It’s no surprise, but the human footprint is staggering and National Geographic solidified that fact even further.

Did anyone happen to catch the documentary, “Human Footprint” on the National Geographic channel? Considering Earth Day is next week, there was much hype for this compelling documentary on human consumption.
Human Footprint

The Times did a review on the show and said,

“Human Footprint” tracks supposedly typical consumers from diaper-wearing infancy to medication-dependent old age” Not surprisingly, Americans continue to out-big-foot everyone else when it comes to consumption. Although only 5 percent of the global population, Americans are said to use more than one-quarter of the world’s energy.

I found the segment where they dissected a car and revealed the different components and those components’ origins extremely interesting. It’s one of those unspoken realities I suppose, but I found it astounding when Elizabeth Vargas spelled out the many different countries that are involved in piecing together one vehicle. And to think, we Americans, on average, will own up to 12 vehicles in our lifetime…

Any time I see documentaries like this, I’m reminded of my gluttonous ways. I have to hang my head for a bit; but at the same time, it reinforces the importance for eco-lightenment (can’t remember where I saw this term, but I’m totally borrowing it!) to do my part to make a change in our family’s footprint.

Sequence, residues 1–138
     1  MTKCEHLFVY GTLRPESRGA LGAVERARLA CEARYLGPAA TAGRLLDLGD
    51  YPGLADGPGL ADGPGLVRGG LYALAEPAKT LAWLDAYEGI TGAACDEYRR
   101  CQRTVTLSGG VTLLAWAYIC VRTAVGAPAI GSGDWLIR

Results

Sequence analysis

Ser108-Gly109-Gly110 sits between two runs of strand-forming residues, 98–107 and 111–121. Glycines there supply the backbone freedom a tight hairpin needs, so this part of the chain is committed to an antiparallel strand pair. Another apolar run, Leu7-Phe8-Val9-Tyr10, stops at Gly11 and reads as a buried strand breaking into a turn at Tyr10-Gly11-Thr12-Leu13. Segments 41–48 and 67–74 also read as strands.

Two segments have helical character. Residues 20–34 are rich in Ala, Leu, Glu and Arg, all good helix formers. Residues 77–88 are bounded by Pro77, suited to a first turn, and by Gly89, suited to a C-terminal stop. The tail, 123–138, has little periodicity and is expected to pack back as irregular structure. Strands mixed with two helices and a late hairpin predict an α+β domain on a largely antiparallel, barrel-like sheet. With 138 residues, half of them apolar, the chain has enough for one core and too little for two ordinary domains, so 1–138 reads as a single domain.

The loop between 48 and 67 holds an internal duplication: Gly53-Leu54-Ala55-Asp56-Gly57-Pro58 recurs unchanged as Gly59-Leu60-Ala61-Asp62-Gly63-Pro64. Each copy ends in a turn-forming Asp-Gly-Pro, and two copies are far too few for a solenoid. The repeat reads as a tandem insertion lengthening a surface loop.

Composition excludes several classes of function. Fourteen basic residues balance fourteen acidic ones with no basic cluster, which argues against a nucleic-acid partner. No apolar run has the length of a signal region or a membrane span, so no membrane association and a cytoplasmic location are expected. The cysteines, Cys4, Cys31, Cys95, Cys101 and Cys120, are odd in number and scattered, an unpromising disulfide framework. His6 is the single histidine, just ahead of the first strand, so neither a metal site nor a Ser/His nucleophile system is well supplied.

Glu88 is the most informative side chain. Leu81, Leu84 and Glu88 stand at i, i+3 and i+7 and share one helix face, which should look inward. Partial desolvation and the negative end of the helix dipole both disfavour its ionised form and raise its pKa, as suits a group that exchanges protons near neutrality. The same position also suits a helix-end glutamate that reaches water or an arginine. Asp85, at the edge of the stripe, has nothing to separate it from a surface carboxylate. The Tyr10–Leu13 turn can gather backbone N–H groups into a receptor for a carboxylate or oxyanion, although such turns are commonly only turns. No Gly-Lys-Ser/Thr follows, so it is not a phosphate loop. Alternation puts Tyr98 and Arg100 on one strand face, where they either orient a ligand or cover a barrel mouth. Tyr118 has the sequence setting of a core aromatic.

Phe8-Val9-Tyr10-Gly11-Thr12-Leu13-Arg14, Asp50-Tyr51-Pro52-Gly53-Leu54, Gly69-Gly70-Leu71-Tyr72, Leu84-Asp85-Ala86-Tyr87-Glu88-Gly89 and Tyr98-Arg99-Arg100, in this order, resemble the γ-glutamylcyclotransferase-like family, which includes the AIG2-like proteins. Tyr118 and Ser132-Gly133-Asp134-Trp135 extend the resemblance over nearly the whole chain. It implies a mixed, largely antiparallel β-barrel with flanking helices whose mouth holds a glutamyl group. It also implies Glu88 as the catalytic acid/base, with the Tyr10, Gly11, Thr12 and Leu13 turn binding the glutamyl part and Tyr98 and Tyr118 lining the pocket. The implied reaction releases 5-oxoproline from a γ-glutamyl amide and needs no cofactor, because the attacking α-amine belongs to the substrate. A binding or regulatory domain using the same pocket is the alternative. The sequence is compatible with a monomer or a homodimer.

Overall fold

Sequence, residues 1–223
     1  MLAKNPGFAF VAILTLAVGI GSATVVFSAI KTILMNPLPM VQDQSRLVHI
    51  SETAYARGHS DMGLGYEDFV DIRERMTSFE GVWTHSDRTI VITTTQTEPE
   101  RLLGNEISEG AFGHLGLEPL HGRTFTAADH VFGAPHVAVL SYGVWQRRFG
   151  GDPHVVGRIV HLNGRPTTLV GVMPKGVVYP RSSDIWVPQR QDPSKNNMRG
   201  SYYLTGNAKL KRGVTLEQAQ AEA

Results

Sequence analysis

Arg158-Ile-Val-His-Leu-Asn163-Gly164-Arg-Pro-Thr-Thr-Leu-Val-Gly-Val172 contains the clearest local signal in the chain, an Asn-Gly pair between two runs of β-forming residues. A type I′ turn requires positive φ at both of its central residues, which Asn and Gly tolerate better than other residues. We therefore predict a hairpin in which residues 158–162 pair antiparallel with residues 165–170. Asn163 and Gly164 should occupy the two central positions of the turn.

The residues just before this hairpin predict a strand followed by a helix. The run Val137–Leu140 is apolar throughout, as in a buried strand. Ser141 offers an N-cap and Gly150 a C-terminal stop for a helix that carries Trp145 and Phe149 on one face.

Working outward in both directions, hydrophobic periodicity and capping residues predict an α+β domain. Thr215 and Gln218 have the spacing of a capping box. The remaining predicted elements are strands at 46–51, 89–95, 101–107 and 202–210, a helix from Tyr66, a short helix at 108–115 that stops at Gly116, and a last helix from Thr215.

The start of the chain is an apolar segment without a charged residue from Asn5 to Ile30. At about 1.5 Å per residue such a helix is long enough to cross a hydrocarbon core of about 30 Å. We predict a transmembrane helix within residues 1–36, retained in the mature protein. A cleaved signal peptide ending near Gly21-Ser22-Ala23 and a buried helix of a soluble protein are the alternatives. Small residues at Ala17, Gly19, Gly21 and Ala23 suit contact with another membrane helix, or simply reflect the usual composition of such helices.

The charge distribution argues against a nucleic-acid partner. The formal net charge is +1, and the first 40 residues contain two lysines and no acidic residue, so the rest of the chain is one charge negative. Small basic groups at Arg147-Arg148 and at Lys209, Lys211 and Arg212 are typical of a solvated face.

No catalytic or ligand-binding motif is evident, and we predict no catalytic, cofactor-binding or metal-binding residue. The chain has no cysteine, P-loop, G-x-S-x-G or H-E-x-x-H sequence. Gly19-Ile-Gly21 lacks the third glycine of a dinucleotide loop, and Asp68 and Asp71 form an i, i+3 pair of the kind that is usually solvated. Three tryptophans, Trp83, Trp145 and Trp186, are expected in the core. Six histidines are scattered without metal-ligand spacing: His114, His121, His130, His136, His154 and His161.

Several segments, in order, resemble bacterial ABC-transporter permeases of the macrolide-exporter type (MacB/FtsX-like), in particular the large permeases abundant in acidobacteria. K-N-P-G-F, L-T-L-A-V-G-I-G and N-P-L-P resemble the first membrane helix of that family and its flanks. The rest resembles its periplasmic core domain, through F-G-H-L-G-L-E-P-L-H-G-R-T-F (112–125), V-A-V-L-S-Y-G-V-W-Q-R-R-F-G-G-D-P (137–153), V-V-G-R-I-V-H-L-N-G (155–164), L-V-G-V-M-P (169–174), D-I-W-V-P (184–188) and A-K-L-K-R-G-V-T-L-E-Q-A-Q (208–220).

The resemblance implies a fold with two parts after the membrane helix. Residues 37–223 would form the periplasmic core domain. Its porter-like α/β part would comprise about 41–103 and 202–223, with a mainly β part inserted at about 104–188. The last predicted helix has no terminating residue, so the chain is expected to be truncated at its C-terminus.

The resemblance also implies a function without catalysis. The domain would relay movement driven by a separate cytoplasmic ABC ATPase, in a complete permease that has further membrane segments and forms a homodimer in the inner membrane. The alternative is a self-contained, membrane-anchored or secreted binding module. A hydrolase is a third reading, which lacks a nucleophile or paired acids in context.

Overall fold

If you didn’t get a chance to see the show, I’m sure it’ll replay again soon. Until then, check out Nat Geo’s site for more information.

The show got me thinking about my own carbon footprint. I remember calculating it awhile back, but I haven’t done it again since we’ve tried to become greener. There are various carbon calculators out there, but I did the Carbon Calculator on Nature Conservancy. According to the conservation organization,

My estimated greenhouse gas emissions is 23 tons of carbon dioxide (CO2) equivalent per year, which is below the U.S. national average.


My Carbon Footprint pie chart

I can “see” a difference, but always room for more change. Go ahead, have a look and calculate your footprint.